15th June, 2021
Okafor Ofiebor/Port Harcourt
Over 200 Students of the Rivers State College of Health Sciences and Technology in Port Harcourt on Tuesday staged a protest along the Ikwerre Road over poor amenities.
The aggrieved students blocked the Mile 4 axis of the Ikwerre Road in Port Harcourt and caused a heavy gridlock around the area, forcing motorists to use alternative routes.
The students who defied an early morning downpour to stage the protest demanded the provision of water and electricity in their hostels by the institution’s management.
During the peaceful protest, the students also lamented that their courses are not accredited.
They claimed that the school authorities have been pressuring students to pay so that their Courses could be accredited.
The students carried placards with different inscriptions depicting the state of affairs in the school.
Some of the placards read: “We need Light,” “We don’t have water, light, how do we pass?” “Come and accredit our courses”, “Provost must go” and others.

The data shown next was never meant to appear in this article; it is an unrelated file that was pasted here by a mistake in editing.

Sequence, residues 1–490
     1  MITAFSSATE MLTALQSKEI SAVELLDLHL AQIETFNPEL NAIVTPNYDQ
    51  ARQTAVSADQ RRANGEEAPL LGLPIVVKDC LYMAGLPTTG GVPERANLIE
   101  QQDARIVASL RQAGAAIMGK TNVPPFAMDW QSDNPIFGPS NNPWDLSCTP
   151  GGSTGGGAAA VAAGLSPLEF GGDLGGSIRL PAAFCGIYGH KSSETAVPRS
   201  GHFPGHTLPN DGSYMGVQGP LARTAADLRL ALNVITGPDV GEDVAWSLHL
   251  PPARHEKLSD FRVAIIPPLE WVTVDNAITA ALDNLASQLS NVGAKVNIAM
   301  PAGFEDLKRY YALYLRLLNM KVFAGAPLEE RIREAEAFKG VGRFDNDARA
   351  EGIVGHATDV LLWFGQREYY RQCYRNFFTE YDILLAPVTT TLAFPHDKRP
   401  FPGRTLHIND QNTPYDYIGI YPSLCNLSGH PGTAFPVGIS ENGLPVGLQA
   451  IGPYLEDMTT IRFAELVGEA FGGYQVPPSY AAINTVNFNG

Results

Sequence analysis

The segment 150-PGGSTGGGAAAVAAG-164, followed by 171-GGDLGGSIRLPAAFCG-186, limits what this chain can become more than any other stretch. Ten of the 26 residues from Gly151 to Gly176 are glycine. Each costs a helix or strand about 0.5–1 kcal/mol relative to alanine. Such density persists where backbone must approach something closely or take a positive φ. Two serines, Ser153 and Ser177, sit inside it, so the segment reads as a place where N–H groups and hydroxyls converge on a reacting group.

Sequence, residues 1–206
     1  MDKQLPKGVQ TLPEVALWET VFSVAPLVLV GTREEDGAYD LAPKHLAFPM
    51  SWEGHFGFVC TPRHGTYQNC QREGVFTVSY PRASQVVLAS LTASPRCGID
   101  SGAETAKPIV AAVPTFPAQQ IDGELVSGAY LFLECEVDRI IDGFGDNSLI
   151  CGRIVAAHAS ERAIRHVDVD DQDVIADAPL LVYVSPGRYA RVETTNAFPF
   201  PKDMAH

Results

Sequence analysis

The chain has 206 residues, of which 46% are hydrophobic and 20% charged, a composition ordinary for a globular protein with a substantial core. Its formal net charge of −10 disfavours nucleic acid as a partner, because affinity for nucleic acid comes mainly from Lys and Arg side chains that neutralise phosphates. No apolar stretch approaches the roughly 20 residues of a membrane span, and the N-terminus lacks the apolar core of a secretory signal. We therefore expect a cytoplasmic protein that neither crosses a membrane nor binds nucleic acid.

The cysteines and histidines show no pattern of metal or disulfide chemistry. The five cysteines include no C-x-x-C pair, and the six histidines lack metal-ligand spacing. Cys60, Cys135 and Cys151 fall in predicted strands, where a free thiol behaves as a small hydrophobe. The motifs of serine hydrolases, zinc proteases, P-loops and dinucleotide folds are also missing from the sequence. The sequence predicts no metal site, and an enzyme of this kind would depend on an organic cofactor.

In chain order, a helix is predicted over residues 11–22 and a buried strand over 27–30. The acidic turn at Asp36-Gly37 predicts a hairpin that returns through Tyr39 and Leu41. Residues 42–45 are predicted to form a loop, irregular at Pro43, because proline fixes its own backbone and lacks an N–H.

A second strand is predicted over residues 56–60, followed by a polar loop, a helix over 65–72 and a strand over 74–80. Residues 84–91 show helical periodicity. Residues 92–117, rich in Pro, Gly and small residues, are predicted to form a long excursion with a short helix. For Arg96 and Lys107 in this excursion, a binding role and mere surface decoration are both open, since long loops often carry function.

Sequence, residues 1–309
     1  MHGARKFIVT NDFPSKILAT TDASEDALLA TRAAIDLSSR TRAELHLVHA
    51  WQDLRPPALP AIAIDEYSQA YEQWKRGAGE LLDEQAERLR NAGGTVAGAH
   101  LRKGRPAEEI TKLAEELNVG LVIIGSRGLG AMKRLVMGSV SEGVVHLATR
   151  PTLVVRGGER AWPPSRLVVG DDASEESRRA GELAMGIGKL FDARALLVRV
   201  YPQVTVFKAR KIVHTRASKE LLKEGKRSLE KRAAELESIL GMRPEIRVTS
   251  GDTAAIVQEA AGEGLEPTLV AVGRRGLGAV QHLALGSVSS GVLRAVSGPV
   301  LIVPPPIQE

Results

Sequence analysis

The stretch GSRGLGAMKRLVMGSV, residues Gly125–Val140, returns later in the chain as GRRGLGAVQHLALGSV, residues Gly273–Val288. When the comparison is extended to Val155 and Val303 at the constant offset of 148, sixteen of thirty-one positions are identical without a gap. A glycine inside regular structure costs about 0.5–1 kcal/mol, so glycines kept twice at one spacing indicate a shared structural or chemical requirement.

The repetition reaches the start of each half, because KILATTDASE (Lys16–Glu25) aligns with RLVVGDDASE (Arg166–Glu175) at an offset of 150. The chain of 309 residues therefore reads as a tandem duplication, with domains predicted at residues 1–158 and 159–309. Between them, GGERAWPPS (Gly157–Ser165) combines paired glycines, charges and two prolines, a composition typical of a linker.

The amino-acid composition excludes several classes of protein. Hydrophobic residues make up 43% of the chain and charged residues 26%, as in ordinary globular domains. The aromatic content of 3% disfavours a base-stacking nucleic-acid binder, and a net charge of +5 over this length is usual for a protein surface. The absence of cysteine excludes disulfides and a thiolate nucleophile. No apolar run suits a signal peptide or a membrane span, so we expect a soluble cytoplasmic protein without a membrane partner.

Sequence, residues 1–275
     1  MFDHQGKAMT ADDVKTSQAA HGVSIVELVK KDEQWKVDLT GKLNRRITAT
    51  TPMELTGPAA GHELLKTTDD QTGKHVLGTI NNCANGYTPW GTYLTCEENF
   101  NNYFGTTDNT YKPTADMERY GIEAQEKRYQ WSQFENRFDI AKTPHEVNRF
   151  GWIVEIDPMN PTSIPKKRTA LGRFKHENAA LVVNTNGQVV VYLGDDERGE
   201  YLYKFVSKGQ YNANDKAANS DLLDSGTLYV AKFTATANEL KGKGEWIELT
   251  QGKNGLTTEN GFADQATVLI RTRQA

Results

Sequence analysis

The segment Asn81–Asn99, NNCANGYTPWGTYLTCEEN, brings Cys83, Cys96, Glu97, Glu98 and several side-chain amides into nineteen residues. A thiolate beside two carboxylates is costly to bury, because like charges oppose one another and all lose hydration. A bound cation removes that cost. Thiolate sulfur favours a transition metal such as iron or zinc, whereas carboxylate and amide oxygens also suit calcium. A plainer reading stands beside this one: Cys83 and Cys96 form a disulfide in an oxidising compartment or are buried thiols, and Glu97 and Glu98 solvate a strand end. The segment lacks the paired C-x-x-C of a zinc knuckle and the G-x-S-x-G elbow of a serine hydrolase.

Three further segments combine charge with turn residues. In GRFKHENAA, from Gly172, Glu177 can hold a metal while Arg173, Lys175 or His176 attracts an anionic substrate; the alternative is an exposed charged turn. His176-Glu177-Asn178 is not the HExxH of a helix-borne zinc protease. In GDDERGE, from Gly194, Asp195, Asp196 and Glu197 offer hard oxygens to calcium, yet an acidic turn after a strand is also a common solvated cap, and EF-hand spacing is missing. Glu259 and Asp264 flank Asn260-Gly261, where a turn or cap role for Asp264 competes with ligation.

The President of the Students Union Government, Comrade ThankGod Nleye, said the students’ action was long overdue as the union has exhausted every means to get the state government ameliorate the many challenges confronting the school.
“We have been appealing to the state government to come to our aid previously”, Nleye said.
“We have used the media, written letters, embarked on visits.
“These are issues we have been clamouring for. There is no water, no light in the school.
“We have also been clamouring that government should help so our courses are accredited.
“We have appealed to the governor to come and rescue the school financially. Students here are seeing him do it in other schools, why is our own different?”
The Students Union Government had in past drawn the attention of the government through protest letters and media advocacy over the unhealthy environment for teaching and learning nothing concrete has been done.
The students threatened to continue the protest until their demands are met.
The school’s provost was unreachable as his mobile lines switched off.